In the five preseason games leading up to Thursday’s date with the Panthers, LaRose had scored two goals and assisted on three others. Laviolette sent him out with a number of different players, including fourth-year stalwart Erik Cole, and saw an ability to work well with anybody.

Cole, who teamed up with Brind’Amour and Bates Battaglia to form Carolina’s most potent scoring line during the team’s run to the 2002 Stanley Cup Finals, feels very comfortable on the ice with LaRose and likes the energy he brings.

“He fits in well with our system, with our style,” said Cole of LaRose. “I’ve played with him a little bit and I’ve enjoyed it. I think he’s a smart player, he has good skill, and he certainly works hard. He’s always around the puck and he’s been a pleasure for me to play with.

“Right away you like the kid. I mean he comes in, he works hard. Everyday he’s there and he’s always in a good mood, he’s always bringing energy. Even if you’re tired, just being around this guy just kind of rubs off on you, and I’ve been impressed with him. All the way through I think he’s done a terrific job of making a case for himself of making this team.”

Laviolette and Jason Karmanos both point to the new rules changes this year in the NHL as being beneficial to a player like LaRose because it will allow him to utilize his speed and skill even more. The play that led to his penalty shot against Tampa Bay was the perfect example.

LaRose, who has been whistled for two penalty thus far in the preseason, one for holding and one for tripping, is looking forward to showcasing even more of his skills with the game setting up so he can skate unimpeded more often with or without the puck.

“Definitely the rules changes are great, not just for me but for everybody,” he said. “The game’s better now, and it definitely helps me not get pulled as much and clutched and grabbed as much, it helps me free-wheel a little more, so hopefully it all works in my favor. I was never really much of a hooker, slasher kind of guy, so I kind of stayed the same. It’s other guys that are adjusting a little and it’s going to take a little time I’m sure for some teams.”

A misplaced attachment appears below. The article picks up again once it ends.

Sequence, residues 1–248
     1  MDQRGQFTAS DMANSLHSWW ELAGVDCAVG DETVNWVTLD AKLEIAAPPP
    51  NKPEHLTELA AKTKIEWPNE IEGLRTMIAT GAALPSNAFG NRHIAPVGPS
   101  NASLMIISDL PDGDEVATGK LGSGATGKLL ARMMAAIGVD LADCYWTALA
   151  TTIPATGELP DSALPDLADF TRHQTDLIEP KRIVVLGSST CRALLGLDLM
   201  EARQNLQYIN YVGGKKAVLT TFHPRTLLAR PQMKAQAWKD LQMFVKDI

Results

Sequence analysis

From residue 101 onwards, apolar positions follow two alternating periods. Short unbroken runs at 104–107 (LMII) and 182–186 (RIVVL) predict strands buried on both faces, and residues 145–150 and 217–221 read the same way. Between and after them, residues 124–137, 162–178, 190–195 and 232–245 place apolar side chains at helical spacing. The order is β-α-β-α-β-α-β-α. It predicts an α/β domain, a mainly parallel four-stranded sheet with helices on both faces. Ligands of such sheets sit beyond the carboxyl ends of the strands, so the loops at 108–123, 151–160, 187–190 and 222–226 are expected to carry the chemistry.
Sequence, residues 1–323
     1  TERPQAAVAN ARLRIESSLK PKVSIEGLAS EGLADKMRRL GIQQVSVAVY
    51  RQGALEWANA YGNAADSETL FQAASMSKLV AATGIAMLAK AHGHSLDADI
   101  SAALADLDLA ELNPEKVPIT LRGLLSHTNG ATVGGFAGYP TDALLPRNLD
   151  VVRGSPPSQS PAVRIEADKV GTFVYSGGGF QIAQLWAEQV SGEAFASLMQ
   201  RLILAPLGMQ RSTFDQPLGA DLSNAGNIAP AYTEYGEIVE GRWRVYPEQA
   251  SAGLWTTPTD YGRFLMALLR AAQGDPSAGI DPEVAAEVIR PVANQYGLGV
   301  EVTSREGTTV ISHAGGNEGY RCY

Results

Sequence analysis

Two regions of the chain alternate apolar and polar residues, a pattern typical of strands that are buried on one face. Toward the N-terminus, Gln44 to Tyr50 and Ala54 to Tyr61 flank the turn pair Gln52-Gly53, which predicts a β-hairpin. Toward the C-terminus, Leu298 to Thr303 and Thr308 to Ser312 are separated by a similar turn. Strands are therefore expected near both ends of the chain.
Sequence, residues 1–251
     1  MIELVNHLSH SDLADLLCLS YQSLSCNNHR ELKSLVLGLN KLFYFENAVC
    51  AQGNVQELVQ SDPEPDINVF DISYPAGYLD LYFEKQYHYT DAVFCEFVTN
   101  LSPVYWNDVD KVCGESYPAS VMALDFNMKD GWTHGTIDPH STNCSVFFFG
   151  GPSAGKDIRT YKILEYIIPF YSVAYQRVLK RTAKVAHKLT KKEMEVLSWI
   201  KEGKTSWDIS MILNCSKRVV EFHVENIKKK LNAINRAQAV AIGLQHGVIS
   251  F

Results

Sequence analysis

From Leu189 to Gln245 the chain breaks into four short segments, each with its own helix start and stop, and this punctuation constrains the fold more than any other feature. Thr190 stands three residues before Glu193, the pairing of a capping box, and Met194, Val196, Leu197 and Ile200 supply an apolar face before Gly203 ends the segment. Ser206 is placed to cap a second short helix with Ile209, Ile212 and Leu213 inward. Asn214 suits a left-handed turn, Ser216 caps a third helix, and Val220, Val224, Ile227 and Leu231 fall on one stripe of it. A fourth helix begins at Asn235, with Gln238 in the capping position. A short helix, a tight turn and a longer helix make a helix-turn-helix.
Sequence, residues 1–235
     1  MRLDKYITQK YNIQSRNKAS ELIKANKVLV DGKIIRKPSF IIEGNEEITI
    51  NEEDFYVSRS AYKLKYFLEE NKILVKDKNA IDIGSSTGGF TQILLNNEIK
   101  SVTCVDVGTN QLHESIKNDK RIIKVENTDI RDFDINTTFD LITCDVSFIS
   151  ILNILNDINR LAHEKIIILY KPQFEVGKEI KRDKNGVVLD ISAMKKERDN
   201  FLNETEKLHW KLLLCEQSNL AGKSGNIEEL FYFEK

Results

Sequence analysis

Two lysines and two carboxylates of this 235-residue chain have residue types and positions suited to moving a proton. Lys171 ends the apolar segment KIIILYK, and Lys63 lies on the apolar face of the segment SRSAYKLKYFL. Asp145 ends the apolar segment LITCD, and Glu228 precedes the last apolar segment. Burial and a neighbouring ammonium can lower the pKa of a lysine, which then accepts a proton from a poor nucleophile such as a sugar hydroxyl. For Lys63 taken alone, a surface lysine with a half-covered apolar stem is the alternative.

Forward Niklas Nordgren of Sweden looks to be the one man standing in LaRose’s way, and his contract status just might prove to be the deciding factor. If Nordgren doesn’t make the final roster he cannot be sent down to Carolina’s American Hockey League affiliate, the Lowell Lock Monsters, and would go back to his team in the Swedish Elite League.

If it were up to Cole, he’d like to see LaRose stay up with the Hurricanes, saying, “I think he’s a great kid, a great player and I think having him on our team I think would help. He has the energy and he just comes in there and does it. You can’t not like him and you can’t not notice him.”

Karmanos couldn’t say which way the organization was leaning, only confirming that the final roster will be set shortly after the conclusion of tonight’s game with the Lightning in Tampa, and that it will have to do with how many players the team decides to keep overall. The maximum the league allows is 23 healthy players, but Carolina could decide to carry 21 or 22 to start the season.

“(LaRose) is going to play in the league,” Karmanos said. “He’s shown that through this training camp and preseason so far, it’s just a matter of when, not if, and that’s accomplishing something for sure. So he’s made huge strides in just a couple of years.”

And he hasn’t changed a bit.